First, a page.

I’ve been a swimmer my entire life. My parents put me in the pool in our backyard as soon as the doctor said it was okay – I was just a few weeks old. I learned how to swim at a very young age, joined the swim team at 7 years old and kept swimming through college. During my high school years, I spent more time at practice with my swim coach than I did with my own parents.  To say that swimming is a part of my identity is a vast understatement.  

      Throughout my life, I dabbled in other sports but never got the hang of them. I didn’t feel as comfortable on the lacrosse or soccer field as I did in the water. The coordination that gymnastics required didn’t come as easily to me as the coordination needed to swim. And in my P.E. classes at school, I hated running. I was always one of the slowest in my class and it was embarrassing to still have one lap left when the rest of my classmates were already in the locker room getting ready for their next class. I was relieved when all of my P.E. requirements were finishedI would never have to run again! 

      Fast forward to my second year in college. I was a swimmer on the Chapman University swim team. I was in the best shape of my life and was preparing to compete for a top spot in the 200 butterfly and 400 IM races at our championship swim meet. One week before the swim meet was scheduled to begin, however, everything I had been working towards came to an abrupt halt. I woke up with pain in my ear and the doctor told me that I had a blister on my eardrum and that getting in the water could be dangerous. He told me that if the blister ruptured while it was wet, I could lose my hearing or get a raging infection that could necessitate surgery. While part of me wanted to take the risk so that I could continue to train for the championships, I knew that my health had to come first. I told the doctor that I would be back next week, the day before my swim meet began, so that he could clear me to be in the water. My swim coach, Dennis, gave me some exercises to do on land so that I could hopefully still be in peak shape for my races. He had me running a little bit and I didn’t mind that much because I was determined to do well.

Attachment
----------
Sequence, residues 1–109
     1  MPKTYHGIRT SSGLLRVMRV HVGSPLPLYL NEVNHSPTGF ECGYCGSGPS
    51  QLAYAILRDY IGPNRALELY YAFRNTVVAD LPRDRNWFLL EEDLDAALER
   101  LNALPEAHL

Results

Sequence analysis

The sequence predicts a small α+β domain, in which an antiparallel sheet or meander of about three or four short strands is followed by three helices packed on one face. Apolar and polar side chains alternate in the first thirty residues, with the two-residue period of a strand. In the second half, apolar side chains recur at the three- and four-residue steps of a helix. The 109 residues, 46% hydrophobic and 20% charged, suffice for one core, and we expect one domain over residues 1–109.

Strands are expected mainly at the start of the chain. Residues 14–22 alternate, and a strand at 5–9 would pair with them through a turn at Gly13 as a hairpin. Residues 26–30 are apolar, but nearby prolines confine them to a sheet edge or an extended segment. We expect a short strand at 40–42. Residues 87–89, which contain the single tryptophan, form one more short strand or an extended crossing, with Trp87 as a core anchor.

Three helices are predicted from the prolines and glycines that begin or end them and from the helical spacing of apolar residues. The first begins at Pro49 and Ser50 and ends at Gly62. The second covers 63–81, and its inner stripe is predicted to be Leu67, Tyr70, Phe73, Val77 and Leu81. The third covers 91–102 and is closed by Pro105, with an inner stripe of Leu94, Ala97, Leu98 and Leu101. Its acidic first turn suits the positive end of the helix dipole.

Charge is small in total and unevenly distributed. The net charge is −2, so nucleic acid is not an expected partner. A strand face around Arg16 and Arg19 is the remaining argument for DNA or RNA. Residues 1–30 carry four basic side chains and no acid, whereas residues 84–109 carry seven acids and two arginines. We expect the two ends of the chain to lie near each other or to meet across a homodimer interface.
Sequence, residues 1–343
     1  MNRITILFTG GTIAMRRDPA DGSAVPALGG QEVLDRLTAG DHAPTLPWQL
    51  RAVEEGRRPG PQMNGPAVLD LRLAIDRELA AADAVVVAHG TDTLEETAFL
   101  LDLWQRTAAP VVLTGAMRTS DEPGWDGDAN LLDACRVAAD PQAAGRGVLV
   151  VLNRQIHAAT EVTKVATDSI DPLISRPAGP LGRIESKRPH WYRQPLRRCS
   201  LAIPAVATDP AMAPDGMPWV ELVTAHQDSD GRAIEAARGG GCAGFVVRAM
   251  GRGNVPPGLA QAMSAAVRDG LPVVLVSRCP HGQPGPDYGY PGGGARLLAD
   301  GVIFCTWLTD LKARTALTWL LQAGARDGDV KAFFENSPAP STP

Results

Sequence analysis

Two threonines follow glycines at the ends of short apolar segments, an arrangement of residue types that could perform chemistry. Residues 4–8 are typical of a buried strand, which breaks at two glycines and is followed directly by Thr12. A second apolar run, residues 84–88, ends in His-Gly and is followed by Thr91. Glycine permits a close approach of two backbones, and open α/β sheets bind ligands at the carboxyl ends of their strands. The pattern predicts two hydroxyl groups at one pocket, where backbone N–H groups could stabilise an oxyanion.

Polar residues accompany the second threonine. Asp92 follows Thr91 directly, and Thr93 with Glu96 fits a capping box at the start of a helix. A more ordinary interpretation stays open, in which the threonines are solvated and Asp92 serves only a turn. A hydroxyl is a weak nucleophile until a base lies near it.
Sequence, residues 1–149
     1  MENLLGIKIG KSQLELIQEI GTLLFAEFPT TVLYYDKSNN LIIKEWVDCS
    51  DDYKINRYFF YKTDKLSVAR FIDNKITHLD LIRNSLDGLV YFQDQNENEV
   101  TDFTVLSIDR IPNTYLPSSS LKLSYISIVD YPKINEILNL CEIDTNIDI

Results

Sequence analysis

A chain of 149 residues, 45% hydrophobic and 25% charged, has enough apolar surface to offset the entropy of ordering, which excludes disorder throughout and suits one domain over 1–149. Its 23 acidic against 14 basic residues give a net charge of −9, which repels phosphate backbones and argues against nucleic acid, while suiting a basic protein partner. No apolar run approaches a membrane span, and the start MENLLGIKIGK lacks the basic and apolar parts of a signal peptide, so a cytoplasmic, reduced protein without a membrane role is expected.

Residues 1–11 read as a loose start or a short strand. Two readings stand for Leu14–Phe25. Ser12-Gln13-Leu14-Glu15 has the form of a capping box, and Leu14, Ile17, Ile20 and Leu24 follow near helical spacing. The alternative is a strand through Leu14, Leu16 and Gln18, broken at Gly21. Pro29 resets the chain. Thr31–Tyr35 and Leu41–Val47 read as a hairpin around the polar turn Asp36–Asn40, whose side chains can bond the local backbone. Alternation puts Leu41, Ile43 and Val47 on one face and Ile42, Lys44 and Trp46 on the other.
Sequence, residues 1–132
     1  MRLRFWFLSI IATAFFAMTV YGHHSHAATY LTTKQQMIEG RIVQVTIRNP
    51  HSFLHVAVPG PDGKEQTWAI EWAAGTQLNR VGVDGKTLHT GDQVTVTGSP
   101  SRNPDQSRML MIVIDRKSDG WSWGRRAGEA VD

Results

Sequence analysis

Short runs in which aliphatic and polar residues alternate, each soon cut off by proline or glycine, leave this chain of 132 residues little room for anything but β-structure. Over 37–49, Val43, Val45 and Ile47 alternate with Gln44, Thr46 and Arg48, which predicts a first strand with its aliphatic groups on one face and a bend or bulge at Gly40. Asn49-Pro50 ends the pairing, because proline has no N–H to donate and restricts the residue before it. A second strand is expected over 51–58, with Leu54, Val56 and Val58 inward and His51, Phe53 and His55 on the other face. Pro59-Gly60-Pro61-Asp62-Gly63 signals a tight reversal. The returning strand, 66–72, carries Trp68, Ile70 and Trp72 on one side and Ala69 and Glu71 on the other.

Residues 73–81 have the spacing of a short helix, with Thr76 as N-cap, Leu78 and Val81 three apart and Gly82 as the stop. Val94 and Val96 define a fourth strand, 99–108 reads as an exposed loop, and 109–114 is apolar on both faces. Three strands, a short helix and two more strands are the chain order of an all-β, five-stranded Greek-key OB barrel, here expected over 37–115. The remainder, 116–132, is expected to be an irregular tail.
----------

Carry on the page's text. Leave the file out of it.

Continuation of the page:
When I went back to my doctor, I was told that the blister was still there and that I would likely not be able to get in the water for another 3 weeks. I was devastated that I wouldn’t be able to compete in my races over the next couple days. Dennis tried to cheer me up by telling me to sign up for a half marathon. I told him that he was crazy – I was only running this past week in the hopes that I would be able to get in the water again for the swim meet. I still had trouble finishing one mile of running without stopping. He sat me down and told me, “You are a strong athlete. Develop a plan and stick to it. You can finish 13.1 miles.” So, with his help, I developed a training plan and started running multiple times a week. Ten weeks later, I ran for 13.1 miles straight, finished 16 minutes faster than my goal time, and even beat Dennis, who had signed up with me. I had never felt more accomplished in my life. The advice that Dennis gave me – develop a plan and stick to it - helped me get through what I thought would be the hardest couple hours of my life. 


      Now, six years later, I have completed three half marathons and I am training to compete in my first full marathon (26.2 miles!) later this year. I still prefer swimming to running, but running reminds me that I can achieve anything that I set my mind to. When I get discouraged with anything in my life, I simply remind myself to develop a plan and stick to it. Something may seem impossible at first, but with a little hard work and dedication, anything can be achieved.  

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